IRVING BERLIN - TYPED LETTER SIGNED 02/15/1963 - HFSID 156833
Sale Price $1,360.00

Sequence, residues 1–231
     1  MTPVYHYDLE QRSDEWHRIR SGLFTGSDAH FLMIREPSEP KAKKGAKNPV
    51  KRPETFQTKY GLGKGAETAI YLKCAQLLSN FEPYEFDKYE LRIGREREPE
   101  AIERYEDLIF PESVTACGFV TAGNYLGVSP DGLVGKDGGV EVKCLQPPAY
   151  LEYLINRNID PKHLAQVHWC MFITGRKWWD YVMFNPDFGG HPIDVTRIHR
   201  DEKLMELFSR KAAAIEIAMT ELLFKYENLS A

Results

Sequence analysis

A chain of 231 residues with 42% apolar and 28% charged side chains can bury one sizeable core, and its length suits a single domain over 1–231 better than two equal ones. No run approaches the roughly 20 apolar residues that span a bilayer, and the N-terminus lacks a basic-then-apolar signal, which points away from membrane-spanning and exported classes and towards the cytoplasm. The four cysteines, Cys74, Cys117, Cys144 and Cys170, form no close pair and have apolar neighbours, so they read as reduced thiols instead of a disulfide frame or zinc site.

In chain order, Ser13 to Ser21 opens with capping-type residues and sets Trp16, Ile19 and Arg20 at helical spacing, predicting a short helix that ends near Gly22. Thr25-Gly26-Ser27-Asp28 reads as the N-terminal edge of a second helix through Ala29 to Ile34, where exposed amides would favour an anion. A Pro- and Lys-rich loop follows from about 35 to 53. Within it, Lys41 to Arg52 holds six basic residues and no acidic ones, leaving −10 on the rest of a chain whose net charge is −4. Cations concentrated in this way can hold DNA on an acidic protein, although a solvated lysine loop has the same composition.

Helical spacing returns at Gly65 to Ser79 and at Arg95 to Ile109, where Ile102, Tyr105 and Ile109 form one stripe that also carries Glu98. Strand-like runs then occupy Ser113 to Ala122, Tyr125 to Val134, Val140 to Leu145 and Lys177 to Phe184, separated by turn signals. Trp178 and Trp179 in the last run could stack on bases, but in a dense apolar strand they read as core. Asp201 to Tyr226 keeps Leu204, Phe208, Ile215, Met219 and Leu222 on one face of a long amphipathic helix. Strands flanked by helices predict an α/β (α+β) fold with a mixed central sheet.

IRVING BERLIN. TLS: "Irving", 1p, 7¼x10½. No place, but likely New York, 1963 February 15. On stationery imprinted with his name to Harry Ruby, Pacific Palisades, California. In full: "I was glad to get your letter. As you must know, I'm pretty scared about the dinner on March 3rd, but I just spoke to Jessel and he assures me everything is set and all I have to do is get up and say 'thank you'. In any event, Ellin and I will be in Hollywood within a week and we are looking forward to seeing you and Eileen. Love to you both, As always." IRVING BERLIN (1888-1989), born Israel Isidore Baline in Tumen, Siberia, Russia, was such a force in American music that in 1924, when Berlin was just 37, songwriter Jerome Kern gave this assessment: "Irving Berlin has no place in American music. He is American music." If the only song he ever wrote was "God Bless America", made famous by Kate Smith, Berlin would be an important part of American music. But Berlin wrote more than 900 songs, including the classics "A Pretty Girl is Like a Melody", "There's No Business Like Show Business", "Always", "Easter Parade" and "Blue Skies", 19 musicals, including Annie Get Your Gun and Call Me Madam, and the scores of 18 movies, including Holiday Inn, which featured his 1942 Academy Award-winning song, "White Christmas". In 1963, the year of this letter, two-time Tony Award winner Berlin was honored with a special Tony Award for his contributions to the theater. Songwriters Berlin and HARRY RUBY (1895-1974), born Harry Rubinstein, were lifelong friends, starting from their Tin Pan Alley Days in New York. The hits written by Ruby, who had a long partnership (1923-1947) with Bert Kalmar (1884-1947), include "I Wanna Be Loved By You", "Who's Sorry Now" and "Three Little Words". Multi-talented vaudeville performer, actor and comedian GEORGE JESSEL (1989-1981), who often spoke at special events, was dubbed the "Toastmaster General of the United States". Jessel had appeared in a 1941 Ruby/Kalmar Broadway show, High Kickers. Ellin was Berlin's second wife, the former ELLIN MACKAY, whom he had married in 1926. The wedding of the 37-year-old composer and the 22-year old daughter of a Long Island telegraph company magnate had caused tabloid headlines as she was disinherited by her father, Clarance Mackay, a staunch Catholic, but the union lasted until her death in 1988. Regular folds. Fine condition.
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